for Kiki Smith
Miss Pru is lovely tonight in a muslin gown. She floats across the parquet in her rose satin slippers. Pru will give us a little Mozart before the liqueurs are served. Such a delicate touch, though this evening she hustles through the andante-allegro giving no mind to non troppo.
Will they ever go? The ladies plopped on the sofas, balanced on delicate chairs, waiting for the gentlemen to be done with cigars, brandy and serious talk in the library, waiting for the little crystal glasses with viscous yellow and green fluid to be passed with perchance a macaroon. In the mirror over the pianoforte they might observe Pru’s scowl, her pretty-plain face distorted with rage, but there is the new Unitarian minister who must be spoken of, his visits to the barrooms on the waterfront are inappropriate to say the least, no matter he counsels the inebriate. Prudence has moved on to a tune by Stephen Foster, such a spirited girl. In the mirror she watches her fury fade to boredom, slack jaw, eyes blink, blink to stay awake. The new minister is said to misquote Mr. Emerson almost in jest. It has been noted that though we are well into September the carpets are not down, the summer curtains hang limp at the drawing room windows. Muslin is out of season. Slap bang, the lid of the pianoforte. Will anyone notice Pru slip round the pedestal with bronze Diana concealing her nippleless breasts? Or Pru catch her mother gulping a glass of golden liqueur before the tray is passed round by Mary? The gentlemen smelling of their manly pleasures are so welcome.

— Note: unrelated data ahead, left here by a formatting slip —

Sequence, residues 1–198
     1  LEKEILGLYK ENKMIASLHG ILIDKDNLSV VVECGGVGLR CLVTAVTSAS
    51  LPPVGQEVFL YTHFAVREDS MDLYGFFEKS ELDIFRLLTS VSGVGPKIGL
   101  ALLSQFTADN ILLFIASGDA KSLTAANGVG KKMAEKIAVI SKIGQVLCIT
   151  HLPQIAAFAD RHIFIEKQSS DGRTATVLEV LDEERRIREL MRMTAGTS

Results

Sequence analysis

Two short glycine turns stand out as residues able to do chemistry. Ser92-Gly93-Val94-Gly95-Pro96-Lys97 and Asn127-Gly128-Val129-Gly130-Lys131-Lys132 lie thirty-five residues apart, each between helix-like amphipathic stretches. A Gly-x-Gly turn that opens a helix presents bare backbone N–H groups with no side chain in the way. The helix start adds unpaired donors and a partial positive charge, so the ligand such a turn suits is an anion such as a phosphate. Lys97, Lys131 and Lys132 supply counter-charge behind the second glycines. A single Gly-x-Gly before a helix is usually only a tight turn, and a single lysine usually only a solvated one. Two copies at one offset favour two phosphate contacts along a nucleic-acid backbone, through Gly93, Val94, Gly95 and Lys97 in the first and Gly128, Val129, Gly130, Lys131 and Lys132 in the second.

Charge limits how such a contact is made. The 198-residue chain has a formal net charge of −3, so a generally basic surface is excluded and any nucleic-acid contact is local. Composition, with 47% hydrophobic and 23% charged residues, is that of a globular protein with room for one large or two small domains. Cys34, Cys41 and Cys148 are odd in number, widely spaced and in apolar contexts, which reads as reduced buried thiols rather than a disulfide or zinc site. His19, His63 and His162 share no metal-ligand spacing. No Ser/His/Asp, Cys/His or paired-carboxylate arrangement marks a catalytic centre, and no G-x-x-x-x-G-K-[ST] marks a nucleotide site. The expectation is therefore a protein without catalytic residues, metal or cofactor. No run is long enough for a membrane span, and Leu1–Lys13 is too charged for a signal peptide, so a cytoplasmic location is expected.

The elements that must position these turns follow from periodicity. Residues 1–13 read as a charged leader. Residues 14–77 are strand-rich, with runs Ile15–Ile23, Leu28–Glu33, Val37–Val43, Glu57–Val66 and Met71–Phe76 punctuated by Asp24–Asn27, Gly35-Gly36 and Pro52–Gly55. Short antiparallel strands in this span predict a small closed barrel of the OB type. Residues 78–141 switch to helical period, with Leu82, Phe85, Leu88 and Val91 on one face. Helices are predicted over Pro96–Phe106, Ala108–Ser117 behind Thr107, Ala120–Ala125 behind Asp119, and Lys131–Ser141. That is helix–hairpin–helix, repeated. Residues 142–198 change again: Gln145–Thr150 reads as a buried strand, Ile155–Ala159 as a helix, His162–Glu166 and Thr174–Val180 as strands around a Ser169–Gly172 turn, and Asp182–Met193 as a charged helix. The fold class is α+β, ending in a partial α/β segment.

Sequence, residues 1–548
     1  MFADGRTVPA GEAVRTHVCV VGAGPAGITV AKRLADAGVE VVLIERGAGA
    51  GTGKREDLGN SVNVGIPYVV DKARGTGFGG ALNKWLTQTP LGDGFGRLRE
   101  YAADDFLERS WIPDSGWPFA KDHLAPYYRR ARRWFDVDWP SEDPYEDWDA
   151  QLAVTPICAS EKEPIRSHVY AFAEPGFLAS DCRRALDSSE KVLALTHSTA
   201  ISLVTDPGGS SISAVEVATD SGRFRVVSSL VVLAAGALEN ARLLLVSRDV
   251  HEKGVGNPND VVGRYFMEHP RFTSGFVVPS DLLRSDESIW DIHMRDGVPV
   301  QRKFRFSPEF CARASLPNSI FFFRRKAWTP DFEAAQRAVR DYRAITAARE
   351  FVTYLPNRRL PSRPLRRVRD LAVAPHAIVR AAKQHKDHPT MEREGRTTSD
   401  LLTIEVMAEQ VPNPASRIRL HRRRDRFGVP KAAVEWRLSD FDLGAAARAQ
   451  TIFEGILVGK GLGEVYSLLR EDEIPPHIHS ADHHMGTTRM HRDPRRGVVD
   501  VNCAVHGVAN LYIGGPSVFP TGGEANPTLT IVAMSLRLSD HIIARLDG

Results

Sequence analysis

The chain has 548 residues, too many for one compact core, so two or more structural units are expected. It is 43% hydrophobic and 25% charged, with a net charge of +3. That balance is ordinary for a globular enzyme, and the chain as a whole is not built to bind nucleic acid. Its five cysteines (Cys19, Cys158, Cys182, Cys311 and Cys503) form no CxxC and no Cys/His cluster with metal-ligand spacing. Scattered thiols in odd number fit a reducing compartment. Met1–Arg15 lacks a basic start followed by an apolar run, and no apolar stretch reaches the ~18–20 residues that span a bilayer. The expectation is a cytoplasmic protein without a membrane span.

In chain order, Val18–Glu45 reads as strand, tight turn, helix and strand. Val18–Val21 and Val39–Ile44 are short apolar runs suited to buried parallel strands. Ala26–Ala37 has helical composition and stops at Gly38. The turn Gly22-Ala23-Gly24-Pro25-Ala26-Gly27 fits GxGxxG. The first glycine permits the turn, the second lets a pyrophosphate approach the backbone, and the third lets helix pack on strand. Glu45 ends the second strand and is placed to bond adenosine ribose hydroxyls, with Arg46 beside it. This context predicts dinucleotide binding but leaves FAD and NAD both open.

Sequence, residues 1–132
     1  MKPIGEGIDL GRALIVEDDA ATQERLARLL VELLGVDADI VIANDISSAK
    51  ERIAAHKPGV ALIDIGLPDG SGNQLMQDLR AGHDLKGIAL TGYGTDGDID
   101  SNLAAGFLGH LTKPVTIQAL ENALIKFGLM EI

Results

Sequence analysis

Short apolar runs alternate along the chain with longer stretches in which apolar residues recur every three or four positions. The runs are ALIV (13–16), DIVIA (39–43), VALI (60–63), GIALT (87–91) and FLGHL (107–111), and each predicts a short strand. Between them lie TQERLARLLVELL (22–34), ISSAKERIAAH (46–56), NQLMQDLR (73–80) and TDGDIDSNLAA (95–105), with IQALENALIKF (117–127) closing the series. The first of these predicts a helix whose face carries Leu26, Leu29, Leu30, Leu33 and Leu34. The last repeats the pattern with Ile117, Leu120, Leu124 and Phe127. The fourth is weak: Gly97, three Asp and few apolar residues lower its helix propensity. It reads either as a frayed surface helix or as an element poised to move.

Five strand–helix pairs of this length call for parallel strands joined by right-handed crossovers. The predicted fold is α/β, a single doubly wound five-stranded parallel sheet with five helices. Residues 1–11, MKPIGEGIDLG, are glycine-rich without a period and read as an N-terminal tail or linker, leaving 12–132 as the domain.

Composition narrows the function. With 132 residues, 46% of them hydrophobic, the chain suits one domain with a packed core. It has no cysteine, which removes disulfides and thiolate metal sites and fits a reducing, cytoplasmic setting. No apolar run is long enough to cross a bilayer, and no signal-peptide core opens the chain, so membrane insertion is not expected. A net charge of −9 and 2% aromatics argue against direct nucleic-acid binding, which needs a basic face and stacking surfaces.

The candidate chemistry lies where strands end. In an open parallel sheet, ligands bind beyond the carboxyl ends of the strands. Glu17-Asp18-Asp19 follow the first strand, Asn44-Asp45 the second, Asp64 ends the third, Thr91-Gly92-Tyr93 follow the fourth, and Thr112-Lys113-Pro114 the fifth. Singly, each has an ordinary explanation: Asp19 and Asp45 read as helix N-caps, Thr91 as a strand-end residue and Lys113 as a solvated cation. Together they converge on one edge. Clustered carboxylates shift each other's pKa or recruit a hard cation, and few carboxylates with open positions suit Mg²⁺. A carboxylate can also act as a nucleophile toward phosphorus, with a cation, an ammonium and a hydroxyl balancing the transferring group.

“Prudence,” her father calls. She does not want to please him, puts a hand to her temple. “Our Pru is delicate,” he says to Mr. Huxley with the hideous mutton chop whiskers growing out of his face. She does not want to be introduced to the great man of science who sat at the far end of the dinner table. Isn’t it enough that she’s been at his lectures with mother? Mother who quotes Tennyson-Are God and Nature then at strife-but can not recall the next line while Pru is perfectly happy to share her hippocampus with the apes, to admire all the beetles and fish spines in the Agassiz Museum, if only her father would let her be. Let her be up in the attic. Up the back stairs in her rose slippers, unlatching the door, reaching for her canvas apron in the dark, feeling for the gas lamp. Oh, in the light she sees the big book stolen from her father’s library. Stolen, the proper word, not that she isn’t encouraged to read any book she chooses in a household liberal as any on Louisburg Square. She has carried the leather bound book up to her work room with a window on the Square, with an easel, water colors and brushes. Our Pru has a gift for pretty scenes, though lately, lately she has not shown us her portfolio, lately she has put a padlock on her door so that neither maid nor mother can see what she is up to all those hours well into the night. This night was to be consuming, the end of all her efforts, but there was dinner with the great man which she had quite forgotten, and the Mozart which drowned out the gossip, and if she regarded herself in the mirror above the pianoforte she would miss her mother slipping out to the pantry for the liquor, plain liquor before the dainty glasses are served.